Check out this movie and more teenagers getting chased by killers on our YouTube channel:

EFFECTS - A Twisted Tale of Stalkers, Smut, and Snuff

Out of print until 2005, let me say THANK GOD this film is back! It is one of the creepiest and most unnerving stories I’ve ever watched, and its originality and craftsmanship has made it legendary in the horror community. Created by some of George Romero’s friends and colleagues outside of Pittsburgh, Pennsylvania, this film brings together many familiar faces of movies to come, including Tom Savini, Joe Pilato, and more.

The film is a voyeuristic mix of sexy and scary as you watch a snuff film being made under the guise of a horror film. It really is 2 movies in one; the first one is a low-budget movie about a woman with a sort of demon possession issue, or a crazy husband, or something like that, but who cares? The second one, DUPED, is much more interesting as it is being filmed behind the scenes without the stars ever knowing it exists. And maybe they never will...

EFFECTS revolves around the idea of watching people in their most intimate moments – from the sexy to the most frightening. It is part Peeping Tom, part Deadly Stalker. And which you feel like each moment depends on your level of trust in the characters – sometimes you are rooting for them, watching for more. Other times you want it to go away, stop, change or cut scenes, and the camera stays fixed and you are forced to watch what you don’t want to know. The film is constantly messing with you like a nun’s twisted idea of punishment for peeping in the girls’ locker room.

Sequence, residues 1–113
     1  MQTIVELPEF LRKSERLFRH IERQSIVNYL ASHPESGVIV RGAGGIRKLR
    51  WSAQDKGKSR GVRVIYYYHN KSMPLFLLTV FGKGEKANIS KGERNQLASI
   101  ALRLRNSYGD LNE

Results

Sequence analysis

The movie stars Pilato (Day of the Dead) as Dom, a special effects guy working on a movie for director Lacey Bickel, played by John Harrison (Tales of the Darkside). Let’s pause on Harrison for a moment here: he looks like Dan Ackyroyd’s twin brother with an Elvis hairdo and no sense of humor. He brings an unbelievably twisted vibe to the character. Celeste, played by Susan Chapek, is between the these two, Dom being her new fling and Lacey being her old. She is icy, cold and sharp, but you want to root for her. Sure, go ahead and try!
Dark shadows with low light outlines combined with bright, penetrating colors make the visuals of the film very Italian, a little Dario Argento-like but without much of the bright-ass red blood (but there is still some!) Instead the 70’s d├ęcor and the great wardrobe provide the brightness of color during the sunny fall days, but when night falls the dark is as black as they come. The film uses shadows like John Carpenter later in HALLOWEEN, but more often and more effectively, making you feel creeped out AF.

So, a quick mention of mirrors. Yeah, mirrors are one of the oldest statements in film. There are tons in this movie but used as a plot device, since Lacey is using them to film in every room of the house in total secrecy. Who knows they are there, and who doesn’t? I know they are there, but I still caught myself thinking we had privacy with the characters in certain rooms. Plus, the mirrors are also helping feed the crew their steady stream of coke, and without that none of the movies would be happening at all. So thank god for that.

Let me tell you, this movie is great. It feels like it is all around you, in surround sound, IMAX, and 3D all at once. A coked-up jerk-off can come up right behind you and startle you as a joke, or someone could be behind you waiting with the razor that keeps making an appearance. SHIT it is creepy as hell, and although you keep looking for people to trust or people you think aren’t in on it, your options keep dwindling. It is by far one of the most nerve-wracking stories I have ever seen.

But the creepiest part of all: you have to watch the snuff film, fittingly placed dead center in the movie. You won’t want to, but you’ll be rewarded if you do!

Check out this movie and other freaky slashers on our YouTube channel: